Using the information from the scoping review as a basis for participant input, we conducted a two- day project kick-off workshop and engaged in small and large group discussions with approximately 110 individuals from interested groups, including members from the Canadian public, people with lived PCC experience, clinicians, and Canadian and international research collaborators. Through this collaborative exercise, which was facilitated by guideline methodologists, participants brainstormed and discussed priority topic areas, topics were organized and refined, and finally six priority guideline topics were identified: (1) Prevention of PCC, (2) Testing, Identification, and Diagnosis related to PCC, (3) Pharmacological and Non-pharmacological Clinical Interventions for PCC, (4) Neurological and Psychiatric Topics, (5) Pediatric and Adolescent Topics, (6) Healthcare Services and Systems, and Social Supports.

Public Consultation Survey

We captured many opinions and insights by conducting an online public consultation survey to assess agreement or disagreement with each of the suggested topics from the project kick-off workshop and invited suggestions for any missing priority areas. The survey was provided in both English and French with targeted promotion in all regions across Canada to ensure that the voices of a diverse range of individuals were heard and considered.

The survey covered four areas of feedback: 1) express agreement or disagreement on a 7-point Likert scale regarding whether each of the 6 topics should be prioritized in the CAN-PCC guidelines; 2) open-text responses to provide comments or insights regarding the suggested topics; 3) highlight any potential gaps or aspects that may not be adequately addressed within the proposed topics; 4) suggest potential guideline questions, which will be used in a next step following topic prioritization.

We analyzed survey responses from 1037 respondents, evaluating proportions of agreement and disagreement with the six topic areas. The survey results highlighted important subtopic areas to cover within the six guideline topics (e.g. multimodal care, transitions in care, work accommodations and special considerations, complementary, alternative and holistic treatments, virtual care) but did not suggest that the six candidate topic areas were not a priority or that any priority topics were missing.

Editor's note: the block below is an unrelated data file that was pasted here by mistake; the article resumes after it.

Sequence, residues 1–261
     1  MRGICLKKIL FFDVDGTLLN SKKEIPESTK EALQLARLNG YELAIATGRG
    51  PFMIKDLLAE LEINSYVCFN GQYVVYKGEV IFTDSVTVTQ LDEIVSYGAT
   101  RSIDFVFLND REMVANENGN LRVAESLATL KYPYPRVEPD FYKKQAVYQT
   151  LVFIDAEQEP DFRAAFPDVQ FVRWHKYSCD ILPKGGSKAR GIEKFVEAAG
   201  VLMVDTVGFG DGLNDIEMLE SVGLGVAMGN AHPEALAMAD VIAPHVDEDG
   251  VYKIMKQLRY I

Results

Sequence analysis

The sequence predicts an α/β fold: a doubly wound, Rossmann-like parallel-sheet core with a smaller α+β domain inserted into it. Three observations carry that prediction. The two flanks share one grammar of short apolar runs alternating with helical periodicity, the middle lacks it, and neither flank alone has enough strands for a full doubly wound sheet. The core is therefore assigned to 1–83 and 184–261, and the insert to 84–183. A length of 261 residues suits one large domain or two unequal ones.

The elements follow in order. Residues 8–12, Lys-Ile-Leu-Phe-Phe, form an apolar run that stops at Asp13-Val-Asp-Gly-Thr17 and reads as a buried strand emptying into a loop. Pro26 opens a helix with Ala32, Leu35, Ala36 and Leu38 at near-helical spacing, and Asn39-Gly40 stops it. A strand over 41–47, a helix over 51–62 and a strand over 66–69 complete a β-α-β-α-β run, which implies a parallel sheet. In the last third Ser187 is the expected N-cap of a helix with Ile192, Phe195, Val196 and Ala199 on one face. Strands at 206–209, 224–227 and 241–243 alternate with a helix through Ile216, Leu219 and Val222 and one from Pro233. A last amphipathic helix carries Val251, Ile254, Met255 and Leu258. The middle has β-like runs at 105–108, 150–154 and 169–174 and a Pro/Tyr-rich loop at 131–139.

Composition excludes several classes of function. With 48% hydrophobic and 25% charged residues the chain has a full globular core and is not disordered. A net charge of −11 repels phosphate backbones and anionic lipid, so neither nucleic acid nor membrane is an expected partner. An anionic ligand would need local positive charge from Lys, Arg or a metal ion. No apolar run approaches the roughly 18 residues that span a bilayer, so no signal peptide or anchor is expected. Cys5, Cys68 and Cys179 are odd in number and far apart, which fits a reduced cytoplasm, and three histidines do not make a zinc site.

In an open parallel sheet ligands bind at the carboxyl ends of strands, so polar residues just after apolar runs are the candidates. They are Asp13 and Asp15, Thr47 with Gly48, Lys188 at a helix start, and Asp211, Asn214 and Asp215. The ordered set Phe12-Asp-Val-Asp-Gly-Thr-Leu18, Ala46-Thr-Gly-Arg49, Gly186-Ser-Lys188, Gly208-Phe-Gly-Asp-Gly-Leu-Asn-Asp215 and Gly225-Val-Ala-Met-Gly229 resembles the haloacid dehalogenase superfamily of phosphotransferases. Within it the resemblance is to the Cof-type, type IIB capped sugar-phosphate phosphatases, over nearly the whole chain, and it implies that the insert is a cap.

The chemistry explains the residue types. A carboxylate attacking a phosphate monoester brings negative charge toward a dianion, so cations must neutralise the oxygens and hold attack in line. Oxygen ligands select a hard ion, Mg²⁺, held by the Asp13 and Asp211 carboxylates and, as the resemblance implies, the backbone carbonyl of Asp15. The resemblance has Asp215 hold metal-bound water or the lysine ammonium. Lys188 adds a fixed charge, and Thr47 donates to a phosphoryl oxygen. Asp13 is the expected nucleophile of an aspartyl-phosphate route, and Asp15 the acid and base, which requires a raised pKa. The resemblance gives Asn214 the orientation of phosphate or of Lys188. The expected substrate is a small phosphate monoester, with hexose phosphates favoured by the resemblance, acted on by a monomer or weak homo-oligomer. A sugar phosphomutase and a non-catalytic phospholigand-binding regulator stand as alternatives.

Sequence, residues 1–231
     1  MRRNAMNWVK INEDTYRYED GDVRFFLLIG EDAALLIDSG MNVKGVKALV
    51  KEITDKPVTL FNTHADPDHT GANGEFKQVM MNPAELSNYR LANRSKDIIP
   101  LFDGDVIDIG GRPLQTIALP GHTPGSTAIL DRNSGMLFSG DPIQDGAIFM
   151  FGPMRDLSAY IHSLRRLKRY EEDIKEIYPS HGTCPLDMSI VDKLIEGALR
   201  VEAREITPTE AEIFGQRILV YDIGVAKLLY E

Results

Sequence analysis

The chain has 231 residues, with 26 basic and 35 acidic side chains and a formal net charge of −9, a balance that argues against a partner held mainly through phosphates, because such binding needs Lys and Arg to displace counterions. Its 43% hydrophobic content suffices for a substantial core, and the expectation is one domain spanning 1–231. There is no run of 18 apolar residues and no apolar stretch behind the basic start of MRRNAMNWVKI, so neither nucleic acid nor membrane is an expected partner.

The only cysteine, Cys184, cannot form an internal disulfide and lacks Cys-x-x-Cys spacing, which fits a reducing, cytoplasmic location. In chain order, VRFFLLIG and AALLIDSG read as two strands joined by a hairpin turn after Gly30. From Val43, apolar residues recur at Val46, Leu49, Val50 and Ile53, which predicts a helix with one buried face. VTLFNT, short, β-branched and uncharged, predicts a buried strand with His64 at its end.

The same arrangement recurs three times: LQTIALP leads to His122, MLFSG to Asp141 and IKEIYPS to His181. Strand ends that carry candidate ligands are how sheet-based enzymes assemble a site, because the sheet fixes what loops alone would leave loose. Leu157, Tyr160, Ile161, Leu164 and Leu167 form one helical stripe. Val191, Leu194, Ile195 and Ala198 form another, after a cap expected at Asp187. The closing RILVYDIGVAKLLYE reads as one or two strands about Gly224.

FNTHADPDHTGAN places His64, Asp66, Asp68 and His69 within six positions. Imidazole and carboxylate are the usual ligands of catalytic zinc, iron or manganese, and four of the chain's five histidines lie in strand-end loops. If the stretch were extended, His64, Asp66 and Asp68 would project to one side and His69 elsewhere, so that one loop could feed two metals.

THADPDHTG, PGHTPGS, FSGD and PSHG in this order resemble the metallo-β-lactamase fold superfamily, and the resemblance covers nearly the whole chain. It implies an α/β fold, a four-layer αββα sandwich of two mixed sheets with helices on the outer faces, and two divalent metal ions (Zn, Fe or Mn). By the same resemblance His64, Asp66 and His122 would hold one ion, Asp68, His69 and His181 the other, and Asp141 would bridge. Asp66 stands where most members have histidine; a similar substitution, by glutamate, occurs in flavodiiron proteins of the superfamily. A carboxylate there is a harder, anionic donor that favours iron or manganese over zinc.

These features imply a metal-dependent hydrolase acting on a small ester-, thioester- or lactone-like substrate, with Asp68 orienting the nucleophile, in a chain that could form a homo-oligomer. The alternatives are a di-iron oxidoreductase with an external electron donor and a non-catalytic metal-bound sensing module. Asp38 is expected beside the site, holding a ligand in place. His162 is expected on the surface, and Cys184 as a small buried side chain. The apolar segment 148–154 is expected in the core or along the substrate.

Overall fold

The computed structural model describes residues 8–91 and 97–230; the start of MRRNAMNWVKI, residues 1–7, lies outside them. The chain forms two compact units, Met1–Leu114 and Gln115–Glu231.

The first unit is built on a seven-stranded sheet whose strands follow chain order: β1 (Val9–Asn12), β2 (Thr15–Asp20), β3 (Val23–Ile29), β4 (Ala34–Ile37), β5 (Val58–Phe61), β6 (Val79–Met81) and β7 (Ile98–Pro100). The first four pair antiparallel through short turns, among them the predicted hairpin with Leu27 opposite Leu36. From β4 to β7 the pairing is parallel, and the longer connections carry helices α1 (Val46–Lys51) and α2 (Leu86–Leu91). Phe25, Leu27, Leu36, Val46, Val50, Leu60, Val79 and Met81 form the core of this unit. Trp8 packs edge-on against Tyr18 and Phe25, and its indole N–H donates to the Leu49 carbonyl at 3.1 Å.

Final review and approval by the Guideline Development Group (GDG)

The Guideline Development Group (GDG), an overarching decision-making group for CAN-PCC, reviewed and discussed the public consultation survey results, complied lists of comments, and suggestions. Based on this information, the GDG highlighted subtopic areas and populations that should be a focus across the guidelines. Following the group discussion, the GDG members responded individually to an online survey to indicate whether they agree or disagree to confirm the final topics. Agreement was received from all GDG members to proceed with the six topics for the CAN-PCC guidelines.

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The Canadian Guidelines for Post COVID-19 Condition (CAN-PCC) team developed 11 Good Practice Statements (GPS) as a first step in the guideline development process. Here, we provide a brief overview of the key steps and considerations that were used for GPS development: